The backlash against smarts isn't just unfair, though, and even the unfairness is more than balanced by the natural advantages of being smart. The real problem, I think, manifests in the choices we make as a society. When we vote for a candidate because he or she is just a regular guy, someone we might have a beer with, rather than a highly educated and intelligent solver-of-big-problems, we hurt ourselves. And when we treat it as a social faux pas to win an argument with facts and reason, and take it as a personal offence to be shown wrong (rather than a valuable opportunity to improve our own understanding), we discourage meaningful and constructive discourse, and the means by which we all become smarter.

     So I'd like us to de-stigmatize stupid. Being stupid isn't a good thing by any means, anymore than any other handicap is something we should willingly choose. All other things being equal, it's better to be smarter. We should all be ready to admit that we're not as smart as we'd like to be, and strive always to become smarter, without vilifying those who aren't as smart as we are, or who have hit the wall in the quest to become smarter. And, equally, we should not resent those who seem to be (or think they are) smarter than we are, but encourage them to demonstrate their intelligence if they've got it (and be willing to constructively, respectfully and critically assess their claims). We're all morally significant, and we all have things to learn from each other, even if some have more to offer than others. Let's all try to get smarter together.


  1. One of the trends out there that really arouses my anger is the tendency to use the word "retarded" or "retard" as a pejorative. I actually spent about 18 years working with people with developmental disbilities. In my experience, the individuals I encountered, almost without fail, worked extremely hard to make use of the faculties they had, striving to overcome a disability that forced limitations on them. And those horrible words were often used as weapons to hurt them. Now, hearing them slung around at the drop of a hat, a casual insult, is quite infuriating. And sad.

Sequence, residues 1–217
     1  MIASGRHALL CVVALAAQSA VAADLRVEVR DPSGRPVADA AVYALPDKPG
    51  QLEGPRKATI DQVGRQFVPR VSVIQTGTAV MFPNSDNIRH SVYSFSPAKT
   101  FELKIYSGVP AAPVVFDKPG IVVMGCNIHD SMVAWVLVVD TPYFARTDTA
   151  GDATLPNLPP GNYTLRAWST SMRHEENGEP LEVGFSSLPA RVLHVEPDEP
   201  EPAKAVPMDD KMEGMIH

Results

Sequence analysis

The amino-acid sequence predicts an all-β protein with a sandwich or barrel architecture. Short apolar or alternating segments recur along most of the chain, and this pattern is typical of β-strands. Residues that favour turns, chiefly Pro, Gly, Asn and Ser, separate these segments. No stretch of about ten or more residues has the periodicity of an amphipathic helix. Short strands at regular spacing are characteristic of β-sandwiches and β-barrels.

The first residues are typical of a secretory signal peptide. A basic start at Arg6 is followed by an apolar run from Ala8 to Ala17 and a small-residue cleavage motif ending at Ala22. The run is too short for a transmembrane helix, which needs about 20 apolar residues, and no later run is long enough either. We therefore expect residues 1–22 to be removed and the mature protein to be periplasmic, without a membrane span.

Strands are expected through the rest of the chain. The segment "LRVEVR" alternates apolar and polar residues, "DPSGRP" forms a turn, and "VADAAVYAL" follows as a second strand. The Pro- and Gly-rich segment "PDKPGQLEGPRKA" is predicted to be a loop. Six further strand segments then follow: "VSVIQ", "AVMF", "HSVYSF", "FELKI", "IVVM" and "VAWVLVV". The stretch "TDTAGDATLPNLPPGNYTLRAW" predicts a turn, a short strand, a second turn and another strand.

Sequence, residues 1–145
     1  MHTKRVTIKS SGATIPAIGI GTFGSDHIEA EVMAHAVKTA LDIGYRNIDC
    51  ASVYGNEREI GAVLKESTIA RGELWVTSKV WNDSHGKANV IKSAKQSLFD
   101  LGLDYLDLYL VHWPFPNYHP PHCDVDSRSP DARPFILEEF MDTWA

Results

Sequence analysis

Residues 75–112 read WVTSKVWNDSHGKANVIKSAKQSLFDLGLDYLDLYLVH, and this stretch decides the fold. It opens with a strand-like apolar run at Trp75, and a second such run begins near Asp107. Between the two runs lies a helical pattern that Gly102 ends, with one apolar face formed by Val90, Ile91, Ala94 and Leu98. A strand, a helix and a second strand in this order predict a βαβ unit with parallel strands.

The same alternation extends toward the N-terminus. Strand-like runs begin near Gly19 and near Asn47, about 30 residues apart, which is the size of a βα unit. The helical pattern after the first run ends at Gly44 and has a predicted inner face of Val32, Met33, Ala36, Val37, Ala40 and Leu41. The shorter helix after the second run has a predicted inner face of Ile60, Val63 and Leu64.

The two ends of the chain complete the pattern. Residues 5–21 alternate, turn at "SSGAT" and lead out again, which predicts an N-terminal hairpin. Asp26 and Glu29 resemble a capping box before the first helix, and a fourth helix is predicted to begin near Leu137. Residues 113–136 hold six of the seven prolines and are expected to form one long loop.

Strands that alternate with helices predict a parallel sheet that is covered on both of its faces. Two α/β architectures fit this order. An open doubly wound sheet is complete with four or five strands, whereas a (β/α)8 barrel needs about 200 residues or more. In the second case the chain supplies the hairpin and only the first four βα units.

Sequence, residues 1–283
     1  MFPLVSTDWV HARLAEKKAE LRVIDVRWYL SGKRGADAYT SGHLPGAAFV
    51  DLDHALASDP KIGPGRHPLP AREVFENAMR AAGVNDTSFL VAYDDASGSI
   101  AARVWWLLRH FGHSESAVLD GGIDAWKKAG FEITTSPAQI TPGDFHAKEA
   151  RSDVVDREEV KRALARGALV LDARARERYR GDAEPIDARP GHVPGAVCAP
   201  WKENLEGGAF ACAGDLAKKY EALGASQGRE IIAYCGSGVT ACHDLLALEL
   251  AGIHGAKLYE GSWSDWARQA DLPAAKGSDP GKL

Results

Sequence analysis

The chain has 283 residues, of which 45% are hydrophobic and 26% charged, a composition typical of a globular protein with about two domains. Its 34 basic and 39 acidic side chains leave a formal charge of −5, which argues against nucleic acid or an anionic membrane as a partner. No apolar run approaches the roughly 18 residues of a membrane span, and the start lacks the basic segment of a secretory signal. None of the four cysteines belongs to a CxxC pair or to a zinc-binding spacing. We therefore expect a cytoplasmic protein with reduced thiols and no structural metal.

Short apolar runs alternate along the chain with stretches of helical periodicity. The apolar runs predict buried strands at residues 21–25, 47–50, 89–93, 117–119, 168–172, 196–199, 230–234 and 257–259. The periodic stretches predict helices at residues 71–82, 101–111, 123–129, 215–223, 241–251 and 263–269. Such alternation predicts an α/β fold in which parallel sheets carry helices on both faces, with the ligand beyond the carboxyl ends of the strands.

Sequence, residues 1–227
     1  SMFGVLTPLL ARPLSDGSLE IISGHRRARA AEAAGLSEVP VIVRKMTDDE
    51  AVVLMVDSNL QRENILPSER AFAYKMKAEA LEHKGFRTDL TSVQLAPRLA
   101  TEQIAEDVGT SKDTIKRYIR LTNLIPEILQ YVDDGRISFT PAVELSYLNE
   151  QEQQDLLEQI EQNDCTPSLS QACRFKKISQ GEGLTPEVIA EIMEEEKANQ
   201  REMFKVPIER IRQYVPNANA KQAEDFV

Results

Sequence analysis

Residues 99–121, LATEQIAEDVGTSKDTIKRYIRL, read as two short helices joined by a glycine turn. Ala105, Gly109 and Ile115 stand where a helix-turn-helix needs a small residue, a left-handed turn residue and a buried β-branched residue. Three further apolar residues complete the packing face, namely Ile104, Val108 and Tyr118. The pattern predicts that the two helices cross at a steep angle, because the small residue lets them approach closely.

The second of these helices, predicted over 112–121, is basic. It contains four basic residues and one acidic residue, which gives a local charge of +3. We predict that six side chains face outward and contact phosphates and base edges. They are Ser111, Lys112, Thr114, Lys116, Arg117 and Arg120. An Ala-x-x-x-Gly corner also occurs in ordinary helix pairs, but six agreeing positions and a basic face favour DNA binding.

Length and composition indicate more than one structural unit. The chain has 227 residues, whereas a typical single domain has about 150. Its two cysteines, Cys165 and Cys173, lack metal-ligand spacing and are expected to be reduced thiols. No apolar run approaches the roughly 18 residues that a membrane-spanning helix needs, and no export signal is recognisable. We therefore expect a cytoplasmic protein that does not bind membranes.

2. Quite right. The idea that people who have genuine cognitive disabilities actually attract contempt and derision that's usually reserved for moral failings is pretty objectionable, when you think about it.

    I realize I've been guilty of the same thing, using the word "stupid" as an epithet. Just a couple of weeks ago, I responded to a remark about me committing suicide (it was based on a typo in which I had egregiously omitted a critical "not") with a joke about how I went out to the garage, closed the doors, got in the car and turned on the ignition. "Stupid Prius!" was the punchline. But why should "stupid" be the word we use under such circumstances?

    If "stupid" refers only to people who have intelligence but choose not to use it, people who are too lazy to think through things, too proud to question their own opinions critically, or too greedy to entertain the possibility that a Nigerian prince isn't actually going to send them money, well, then I'm fine with vilifying that kind of willful ignorance. But that's a hard distinction to make in practice.

  3. I was set to ask why you omitted the possibility that people do not necessarily ascribe morality when using the word "stupid," no more than use of the word "dumb" is morality-laden, or invoking the classic, clinical definition, but then I see you've gotten around to it in your comments. Why avoid it for so long?

    Do you perhaps mean to ask why we take a clinical definition and ultimately liken it to something nonclinical? A parallel examination may be the shifting from words as they accumulate stigma. When Binet used retarded, it was clinical. Nobody likes that term now.